Hundreds of nurses gathered in Madrid on Monday, marking Spain’s national holiday with a protest against poor working conditions. Health workers have repeatedly complained of poor safety and job insecurity during the pandemic.
As Spaniards celebrated Columbus Day, the city of Madrid entered a state of emergency. The order was issued by the Spanish government on Friday, and will see residents of the capital barred from leaving the city, and even outdoor gatherings restricted to groups of six, in a bid to stop the resurgence of Covid-19.
However, hundreds of nurses gathered in Puerta del Sol square in defiance of the restrictions, pleading with the regional government to improve their working conditions.
Holding signs and placards, they demanded a pay rise, more hires, and an end to zero-hour contracts, as well as an end to unspecified “abuses” and “threats” they have allegedly faced at work.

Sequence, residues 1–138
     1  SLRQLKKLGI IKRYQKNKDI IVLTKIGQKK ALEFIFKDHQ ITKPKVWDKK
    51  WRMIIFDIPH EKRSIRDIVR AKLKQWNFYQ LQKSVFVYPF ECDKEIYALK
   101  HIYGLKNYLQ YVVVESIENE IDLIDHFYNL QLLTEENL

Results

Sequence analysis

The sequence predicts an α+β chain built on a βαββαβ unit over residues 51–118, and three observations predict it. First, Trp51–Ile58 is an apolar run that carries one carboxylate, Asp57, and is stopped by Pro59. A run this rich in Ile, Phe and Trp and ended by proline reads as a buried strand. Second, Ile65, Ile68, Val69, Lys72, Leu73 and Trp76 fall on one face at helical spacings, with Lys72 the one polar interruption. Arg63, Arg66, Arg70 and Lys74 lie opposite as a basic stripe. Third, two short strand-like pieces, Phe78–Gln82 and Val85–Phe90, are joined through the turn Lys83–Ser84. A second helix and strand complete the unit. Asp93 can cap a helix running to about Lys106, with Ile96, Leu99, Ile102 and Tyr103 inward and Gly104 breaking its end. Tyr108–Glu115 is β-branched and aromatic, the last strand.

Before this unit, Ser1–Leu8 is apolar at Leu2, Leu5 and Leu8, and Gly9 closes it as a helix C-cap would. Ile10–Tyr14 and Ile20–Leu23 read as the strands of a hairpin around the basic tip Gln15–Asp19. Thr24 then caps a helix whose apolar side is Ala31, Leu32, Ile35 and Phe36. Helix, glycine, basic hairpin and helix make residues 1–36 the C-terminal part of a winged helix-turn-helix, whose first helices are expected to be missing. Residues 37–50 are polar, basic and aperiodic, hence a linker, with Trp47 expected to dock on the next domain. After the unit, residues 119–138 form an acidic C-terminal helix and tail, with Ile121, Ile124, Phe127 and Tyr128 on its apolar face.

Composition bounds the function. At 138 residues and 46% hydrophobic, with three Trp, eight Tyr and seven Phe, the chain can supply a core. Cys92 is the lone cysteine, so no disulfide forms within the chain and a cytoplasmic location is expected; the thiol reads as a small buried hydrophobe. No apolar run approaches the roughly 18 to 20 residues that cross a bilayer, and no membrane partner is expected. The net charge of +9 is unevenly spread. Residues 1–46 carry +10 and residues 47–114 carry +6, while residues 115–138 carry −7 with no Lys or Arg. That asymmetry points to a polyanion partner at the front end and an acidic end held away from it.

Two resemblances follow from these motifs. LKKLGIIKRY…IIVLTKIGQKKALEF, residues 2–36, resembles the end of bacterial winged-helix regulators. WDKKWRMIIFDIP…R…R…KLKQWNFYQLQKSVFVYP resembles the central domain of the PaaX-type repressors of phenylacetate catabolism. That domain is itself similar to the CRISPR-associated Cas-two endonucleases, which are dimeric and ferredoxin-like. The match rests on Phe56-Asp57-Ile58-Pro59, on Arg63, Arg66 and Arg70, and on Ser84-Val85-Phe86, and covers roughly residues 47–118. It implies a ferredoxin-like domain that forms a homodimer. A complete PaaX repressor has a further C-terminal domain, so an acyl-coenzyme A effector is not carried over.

“We are suffering from continuous and growing violations to our social rights,” one protester told RT’s video news agency, Ruptly. “Abuses, threats, job insecurity, poor management, and all of this affects the quality of the care we provide to our patients.”
Monday’s demonstration isn’t the first time they’ve taken to the streets since the coronavirus pandemic began. Back in April, as Spain recorded the highest number of infected healthcare workers in the world, nurses and other essential workers staged an online campaign, taking to the streets in Madrid a month later to demand more protective equipment and an improvement in workplace conditions.
Madrid’s regional premier, Isabel Ayuso, previously called the protests politically motivated.
Nurses weren’t the only protesters who took to the streets on Monday. A small group of demonstrators held a car rally in the Spanish capital to protest the new lockdown measures in a gathering organized by populist party Vox.
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